There are important social values that you have to adhere to. You have to provide education, and you have to provide healthcare. You've got to provide a safety net, and you've got to provide opportunity. But for the rest of it, the market economy isn't a bad tool for moving people up.
Your bottom-line critique of Clinton is that he failed to deliver on his promise to develop a new social safety net for the information age. I'm still amazed that despite the surplus, we didn't find a way to do more to provide child care, for instance, that it's still an individual family responsibility. Democrats really didn't put together a constituency behind the roster of things people need in an economy where they're going to change jobs frequently, where you don't have a parent at home with the kids ...
Well, you do it with tax credits, and the irony is that the guy who did so much with tax credits in public life, when it came to healthcare, he goes with a ridiculous employer mandate plan. That was silly. There's another aspect that's crucial, and here Lewinsky intervened as well. The biggest problem we're going to face is the impact of the baby boom generation on our children. Not only have we been self-centered and self-indulgent and generally obnoxious, now we're gonna be an economic weight as well. Clinton had the opportunity, he had the budget surplus, to deal with Social Security and Medicare, and he didn't do it. And he didn't do it in part because of Lewinsky and in part because Democrats wanted to be able to demagogue on both those issues.
Well, now you have a president who spent all that money on tax cuts.
Totally obscene tax cuts.
One of the ideas I was intrigued by in "The Natural" is the way you think Clinton was used as the classic mythological, psychological "scapegoat" -- that we used him to exorcise all our social demons over what the '60s had wrought in terms of sex, drugs, gender, marriage, by sacrificing him, for his excesses, some of which were also our own. He was made to pay. But you say it didn't work, that he wasn't sacrificed. But I'd say that he was: For all those things he accomplished, that you lay out so well, his presidency is still judged a disappointment. The Lewinsky mess is his legacy.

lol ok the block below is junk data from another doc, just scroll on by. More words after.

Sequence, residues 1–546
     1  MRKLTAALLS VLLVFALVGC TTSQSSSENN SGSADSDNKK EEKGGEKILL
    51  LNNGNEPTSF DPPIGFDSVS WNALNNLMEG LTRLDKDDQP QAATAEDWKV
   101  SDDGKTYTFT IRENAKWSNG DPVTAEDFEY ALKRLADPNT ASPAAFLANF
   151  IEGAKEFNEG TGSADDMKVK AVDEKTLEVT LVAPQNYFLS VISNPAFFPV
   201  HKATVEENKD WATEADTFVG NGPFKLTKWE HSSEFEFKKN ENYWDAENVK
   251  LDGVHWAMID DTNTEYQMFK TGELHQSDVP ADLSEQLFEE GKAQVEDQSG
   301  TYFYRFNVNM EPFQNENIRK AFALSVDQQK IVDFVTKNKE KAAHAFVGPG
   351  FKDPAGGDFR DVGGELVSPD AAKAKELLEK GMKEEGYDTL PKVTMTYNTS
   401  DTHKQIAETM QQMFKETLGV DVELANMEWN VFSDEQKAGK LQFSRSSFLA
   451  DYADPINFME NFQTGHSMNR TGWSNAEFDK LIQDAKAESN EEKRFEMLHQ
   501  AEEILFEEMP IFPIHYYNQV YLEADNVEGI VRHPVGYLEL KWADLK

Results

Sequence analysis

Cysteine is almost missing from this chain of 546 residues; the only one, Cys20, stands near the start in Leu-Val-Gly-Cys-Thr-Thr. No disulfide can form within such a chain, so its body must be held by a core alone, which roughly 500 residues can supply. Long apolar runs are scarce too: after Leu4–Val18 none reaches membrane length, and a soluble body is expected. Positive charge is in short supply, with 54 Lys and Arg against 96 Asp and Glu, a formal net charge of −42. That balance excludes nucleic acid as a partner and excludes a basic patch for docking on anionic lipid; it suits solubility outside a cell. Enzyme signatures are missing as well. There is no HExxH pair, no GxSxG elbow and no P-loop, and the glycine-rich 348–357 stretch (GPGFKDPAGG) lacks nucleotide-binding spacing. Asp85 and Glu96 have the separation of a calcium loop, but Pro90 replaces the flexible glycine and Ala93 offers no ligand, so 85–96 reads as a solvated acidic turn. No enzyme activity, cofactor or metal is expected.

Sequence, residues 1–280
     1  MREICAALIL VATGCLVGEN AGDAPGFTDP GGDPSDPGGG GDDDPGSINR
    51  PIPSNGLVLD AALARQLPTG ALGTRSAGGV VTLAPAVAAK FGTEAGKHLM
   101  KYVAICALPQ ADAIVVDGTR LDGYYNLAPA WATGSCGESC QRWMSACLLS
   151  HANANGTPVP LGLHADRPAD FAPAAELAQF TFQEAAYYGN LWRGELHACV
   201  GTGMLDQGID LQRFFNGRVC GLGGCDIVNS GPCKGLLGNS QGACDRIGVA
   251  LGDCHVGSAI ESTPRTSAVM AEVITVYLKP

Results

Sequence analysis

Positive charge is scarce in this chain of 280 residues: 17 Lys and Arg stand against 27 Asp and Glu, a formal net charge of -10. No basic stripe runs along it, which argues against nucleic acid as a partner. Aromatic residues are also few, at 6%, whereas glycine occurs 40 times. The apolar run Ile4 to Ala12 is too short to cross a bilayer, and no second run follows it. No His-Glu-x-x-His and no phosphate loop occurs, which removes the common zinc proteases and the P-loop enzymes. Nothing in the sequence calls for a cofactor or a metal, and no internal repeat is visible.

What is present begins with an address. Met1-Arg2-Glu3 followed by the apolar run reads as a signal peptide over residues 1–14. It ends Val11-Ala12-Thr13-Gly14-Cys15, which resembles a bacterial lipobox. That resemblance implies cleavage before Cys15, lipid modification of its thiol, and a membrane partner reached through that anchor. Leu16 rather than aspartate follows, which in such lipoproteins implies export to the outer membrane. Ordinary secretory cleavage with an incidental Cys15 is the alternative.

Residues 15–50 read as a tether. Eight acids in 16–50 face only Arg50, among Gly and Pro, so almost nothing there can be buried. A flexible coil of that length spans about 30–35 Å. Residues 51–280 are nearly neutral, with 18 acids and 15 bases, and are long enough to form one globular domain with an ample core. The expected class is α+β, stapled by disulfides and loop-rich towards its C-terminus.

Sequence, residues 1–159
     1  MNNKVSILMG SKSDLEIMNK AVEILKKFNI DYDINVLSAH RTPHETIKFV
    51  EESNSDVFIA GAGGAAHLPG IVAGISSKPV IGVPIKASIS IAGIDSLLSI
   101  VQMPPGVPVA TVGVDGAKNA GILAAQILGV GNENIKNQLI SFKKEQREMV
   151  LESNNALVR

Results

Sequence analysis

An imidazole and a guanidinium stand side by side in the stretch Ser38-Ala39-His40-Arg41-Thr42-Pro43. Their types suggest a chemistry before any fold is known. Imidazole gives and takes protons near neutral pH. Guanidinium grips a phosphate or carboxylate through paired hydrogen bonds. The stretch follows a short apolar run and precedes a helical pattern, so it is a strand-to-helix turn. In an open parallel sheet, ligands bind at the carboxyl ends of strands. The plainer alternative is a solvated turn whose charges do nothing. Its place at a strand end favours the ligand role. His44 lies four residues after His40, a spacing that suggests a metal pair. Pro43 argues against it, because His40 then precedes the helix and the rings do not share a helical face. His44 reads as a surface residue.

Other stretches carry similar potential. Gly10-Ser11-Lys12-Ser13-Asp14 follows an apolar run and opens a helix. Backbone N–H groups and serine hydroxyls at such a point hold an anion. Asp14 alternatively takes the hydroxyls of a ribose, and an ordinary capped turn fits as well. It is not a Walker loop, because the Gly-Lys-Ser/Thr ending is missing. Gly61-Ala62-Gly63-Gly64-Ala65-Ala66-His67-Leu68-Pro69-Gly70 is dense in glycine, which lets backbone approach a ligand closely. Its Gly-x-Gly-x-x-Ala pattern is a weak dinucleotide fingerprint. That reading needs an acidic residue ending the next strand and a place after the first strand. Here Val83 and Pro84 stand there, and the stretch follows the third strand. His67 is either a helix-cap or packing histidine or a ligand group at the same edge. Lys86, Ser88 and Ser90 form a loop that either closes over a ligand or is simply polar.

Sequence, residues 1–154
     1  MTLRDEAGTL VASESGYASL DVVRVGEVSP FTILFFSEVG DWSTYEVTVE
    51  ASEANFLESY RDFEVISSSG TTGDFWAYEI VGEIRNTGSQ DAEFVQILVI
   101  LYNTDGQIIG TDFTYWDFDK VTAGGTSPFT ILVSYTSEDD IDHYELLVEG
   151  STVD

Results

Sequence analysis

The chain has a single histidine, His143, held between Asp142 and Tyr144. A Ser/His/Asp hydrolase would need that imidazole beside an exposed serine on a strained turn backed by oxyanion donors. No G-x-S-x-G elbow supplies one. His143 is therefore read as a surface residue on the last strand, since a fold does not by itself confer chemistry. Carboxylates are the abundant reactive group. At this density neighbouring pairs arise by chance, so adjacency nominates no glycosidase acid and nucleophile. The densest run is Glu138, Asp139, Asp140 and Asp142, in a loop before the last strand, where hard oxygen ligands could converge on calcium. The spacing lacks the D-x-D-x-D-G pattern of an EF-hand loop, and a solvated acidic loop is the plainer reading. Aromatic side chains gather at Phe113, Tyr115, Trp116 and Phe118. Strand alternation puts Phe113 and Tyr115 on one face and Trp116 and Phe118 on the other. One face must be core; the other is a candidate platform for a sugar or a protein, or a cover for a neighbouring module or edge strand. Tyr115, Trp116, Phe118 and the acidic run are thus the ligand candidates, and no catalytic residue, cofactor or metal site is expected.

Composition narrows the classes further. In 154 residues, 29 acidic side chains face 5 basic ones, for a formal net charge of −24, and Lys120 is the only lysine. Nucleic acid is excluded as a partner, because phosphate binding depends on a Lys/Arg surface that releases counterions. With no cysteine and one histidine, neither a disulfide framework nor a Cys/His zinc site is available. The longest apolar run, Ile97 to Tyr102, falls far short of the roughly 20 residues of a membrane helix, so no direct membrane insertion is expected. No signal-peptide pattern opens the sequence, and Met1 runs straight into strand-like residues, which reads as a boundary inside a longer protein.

No, we can't get so wrapped up in our little world of the media. In our world he's considered a failure. There are all these people, including liberals, who say because of Lewinsky, because of the pardons, he really was an immoral guy. But the public was with him all the way. You take the Lewinsky year, when all of my colleagues were so upset about him: Nothing happened to him that year. He started at 60 percent in the polls, he ended at 60 percent. Republicans meanwhile drifted down in the polls, but journalists were the lowest -- we were lower than lawyers, for god's sakes.
The public is never going to be able to determine the difference between Al Gore's Medicare plan and George Bush's, but they do sense important things about character. They knew in 1992, that Clinton messed around, that he lied about things, but they also sensed that he really cared about them. And that opinion never changed, and he never violated it. We in the press defined character as sex, in the stupidest possible way. I'm actually pro-peccadillo. I think that politicians with an interesting sexual life have a better track record in the presidency. But there are other tests of character as well. The biggest is, are you willing to go up against your strongest supporters, for the greater good, and Clinton did that time after time.